17 February 2014

Futureman making bread

It has been a year and a month since I left the “security” and future pension benefits of my government job to come home and work the Planet Whizbang home business. I can report that I have had no problems at all adjusting to this “new life.” And, thus far, sufficient income is coming in to keep the bills paid.

I mentioned this year-plus anniversary to Marlene the other morning and she replied that, “We couldn’t do this if you didn’t come home.” The “this” she spoke of was helping to take care of her 99-year-old mother, her 76-year-old sister (in declining health), my disabled sister (MS), and our grandson, a.k.a., Futureman (when his parents are working).

There are others who are helping, but Marlene bears a large amount of burden—more than most hereabouts realize, or can relate to. The fact that I am home and can help some makes things a little easier. I’m of the mind that God orchestrated the time of my “retirement” from wage slavery to coincide with the family demands that would arise. 

Futureman, is a ray of sunshine in the midst of the sadness and hardships we see in the lives of many around us. He is here at our home almost every day. Just short of two years old, he is very busy, but he has a good nature and is a lot of fun.

This morning at breakfast I juggled three clementines for him. He, sitting in his high chair eating blueberries, watched for a moment and burst out laughing. That made me laugh too. Simple pleasures. When he is older I’ll tell him I learned to juggle when I was in the circus. ;-)

The picture at the top of this page is Futureman “helping” Marlene make oatmeal bread. I think I’ve posted a picture here before of him making bread with his grandmother. Hopefully, he will be around here for a long time, and Marlene will be making bread for a long time to come, and he will remember. Such memories are important.

When it comes to grandchildren, I’m persuaded that our job as grandparents is to love and focus, be godly examples, and create memories. My grandparents did this with me (my Grandmother Kimball especially), but the time I had with my grandparents was limited to some summer vacations early in my life. They were in northern Maine, I was in Central New York. That’s not the best arrangement for grandparenting. But even just a few summers were enough to make a big difference in my life.

In my book, Writings of a Deliberate Agrarian, I have a quote from Karen Hart that speaks to the importance of grandparenting...

“Having a loving relationship with a grandparent makes children feel special. It builds their self-esteem to know there is an extended family that loves them. A sense of identity develops as children learn about their roots. They discover that grandparents have time to listen with interest, to play, to let them help with ‘real work,” such as cooking or gardening. In quiet, unhurried moments, questions about faith and life are answered from the knowledge of experience. In these ways grandparents pass on their faith in God while helping build confidence and self-worth."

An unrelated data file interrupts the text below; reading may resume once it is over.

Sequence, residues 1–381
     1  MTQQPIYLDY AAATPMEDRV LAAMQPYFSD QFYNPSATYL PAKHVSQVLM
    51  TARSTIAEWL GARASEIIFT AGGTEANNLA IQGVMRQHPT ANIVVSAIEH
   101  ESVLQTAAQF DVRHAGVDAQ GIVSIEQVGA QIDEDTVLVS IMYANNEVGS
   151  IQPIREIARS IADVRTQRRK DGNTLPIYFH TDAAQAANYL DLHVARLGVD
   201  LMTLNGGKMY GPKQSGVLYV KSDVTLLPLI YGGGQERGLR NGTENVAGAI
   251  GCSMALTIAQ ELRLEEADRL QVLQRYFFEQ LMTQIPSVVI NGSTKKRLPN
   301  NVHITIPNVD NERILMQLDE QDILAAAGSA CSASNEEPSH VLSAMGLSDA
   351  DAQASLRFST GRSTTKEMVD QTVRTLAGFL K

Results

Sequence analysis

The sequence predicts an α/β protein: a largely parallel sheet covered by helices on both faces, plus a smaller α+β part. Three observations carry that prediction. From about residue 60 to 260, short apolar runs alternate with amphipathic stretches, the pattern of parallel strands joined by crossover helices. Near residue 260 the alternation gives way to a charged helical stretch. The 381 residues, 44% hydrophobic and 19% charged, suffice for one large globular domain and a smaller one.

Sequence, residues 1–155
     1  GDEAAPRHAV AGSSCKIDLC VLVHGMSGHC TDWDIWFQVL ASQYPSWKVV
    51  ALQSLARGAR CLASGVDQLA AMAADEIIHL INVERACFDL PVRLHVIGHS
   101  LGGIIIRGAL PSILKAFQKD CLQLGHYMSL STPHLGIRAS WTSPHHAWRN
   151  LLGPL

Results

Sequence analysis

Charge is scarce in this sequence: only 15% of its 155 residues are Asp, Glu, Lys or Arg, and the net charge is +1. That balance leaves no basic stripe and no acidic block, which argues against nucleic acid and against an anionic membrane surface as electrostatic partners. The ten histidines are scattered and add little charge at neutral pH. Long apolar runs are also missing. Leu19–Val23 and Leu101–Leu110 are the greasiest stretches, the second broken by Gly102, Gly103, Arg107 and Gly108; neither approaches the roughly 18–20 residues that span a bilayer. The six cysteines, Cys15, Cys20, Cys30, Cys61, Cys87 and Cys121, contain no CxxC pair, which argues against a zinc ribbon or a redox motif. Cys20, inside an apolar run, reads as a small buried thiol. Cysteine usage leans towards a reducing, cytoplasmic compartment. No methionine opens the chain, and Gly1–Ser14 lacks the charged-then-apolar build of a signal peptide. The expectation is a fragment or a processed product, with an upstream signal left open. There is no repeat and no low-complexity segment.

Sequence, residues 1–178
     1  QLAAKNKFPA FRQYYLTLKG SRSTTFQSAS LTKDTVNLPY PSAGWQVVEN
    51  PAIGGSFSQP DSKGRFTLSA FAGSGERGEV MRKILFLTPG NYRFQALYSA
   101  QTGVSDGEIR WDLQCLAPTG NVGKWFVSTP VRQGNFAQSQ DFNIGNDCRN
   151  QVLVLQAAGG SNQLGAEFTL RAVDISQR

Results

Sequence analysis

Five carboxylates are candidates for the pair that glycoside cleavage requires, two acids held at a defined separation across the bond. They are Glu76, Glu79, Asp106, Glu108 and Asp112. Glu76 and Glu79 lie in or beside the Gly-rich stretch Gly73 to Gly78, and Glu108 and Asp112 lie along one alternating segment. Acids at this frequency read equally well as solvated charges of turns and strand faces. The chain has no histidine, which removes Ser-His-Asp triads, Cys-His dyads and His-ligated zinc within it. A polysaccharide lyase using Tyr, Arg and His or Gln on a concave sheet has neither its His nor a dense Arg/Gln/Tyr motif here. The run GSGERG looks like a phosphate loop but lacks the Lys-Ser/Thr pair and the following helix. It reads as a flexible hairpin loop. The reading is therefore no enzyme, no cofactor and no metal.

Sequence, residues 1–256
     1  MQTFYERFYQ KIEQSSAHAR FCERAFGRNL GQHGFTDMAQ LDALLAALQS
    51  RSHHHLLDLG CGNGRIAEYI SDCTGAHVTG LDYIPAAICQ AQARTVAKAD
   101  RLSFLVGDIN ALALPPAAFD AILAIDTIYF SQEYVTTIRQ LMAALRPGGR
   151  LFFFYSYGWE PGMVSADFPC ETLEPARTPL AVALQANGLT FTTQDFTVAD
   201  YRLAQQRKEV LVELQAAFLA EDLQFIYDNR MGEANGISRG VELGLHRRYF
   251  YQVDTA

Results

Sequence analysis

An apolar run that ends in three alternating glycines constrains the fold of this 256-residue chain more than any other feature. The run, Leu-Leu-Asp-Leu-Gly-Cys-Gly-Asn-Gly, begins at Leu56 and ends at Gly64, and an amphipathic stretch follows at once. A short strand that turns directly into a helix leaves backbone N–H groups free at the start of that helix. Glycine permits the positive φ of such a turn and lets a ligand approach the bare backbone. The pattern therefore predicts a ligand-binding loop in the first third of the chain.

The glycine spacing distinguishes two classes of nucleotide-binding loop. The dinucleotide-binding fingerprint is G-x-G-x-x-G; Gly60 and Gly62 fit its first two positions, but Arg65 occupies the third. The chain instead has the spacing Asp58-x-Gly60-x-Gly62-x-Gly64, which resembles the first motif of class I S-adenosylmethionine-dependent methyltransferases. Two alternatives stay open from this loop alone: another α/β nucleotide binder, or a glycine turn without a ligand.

That quote is, essentially, my credo for grandparenting. It is a large part of why I think I am here on this earth.

Speaking of “real work” I put Futureman to work awhile back counting rubber chicken plucker fingers. People buy these in boxes of 125 to make their own Whizbang Chicken Plucker. They are counted out with the help of a “counter” with 126 holes, one for each finger, and one extra. Counting and packaging plucker fingers is something productive that I can do on the kitchen table while Futureman is taking his nap.

Futureman grasped the concept quickly. He tried to put the first finger in upside down and it wouldn’t fit, so he turned it around. I thought to myself, what a smart boy! 

What he didn't get is that once the fingers are in the holes, they need to stay there; taking them out was as much fun as putting them in. 

I think these things—making bread with grammie and counting chicken plucker fingers with grampie—are little examples of a family economy in action. And so is spending time to help other members of the family that are going through a hard time. 


Gorges Smythe said...

You are blessed.

Anonymous said...

What a blessing to have your grandson with you almost everyday! He's such an industrious little fellow. Yes, it's all about making memories :-).

Providence Acres Farm said...

I'm glad the Lord made it possible for you to work at home. It does seem like His hand was in the timing. "All things work together for good to those that Love god and are called according to His purpose." A piece of scripture that I remind myself of often.

Little kids are such great fun!

Anonymous said...

Futureman is blessed!

Ron said...

Great picture! I didn't realize all that rested on your shoulders. If you need help with something, give a shout. I agree with the other folks here that you are blessed. May God continue to bless you!

Elizabeth L. Johnson said...

I was very disappointed to see the date on this blog. I hoped Futureman was back. So sad. I will add more prayers.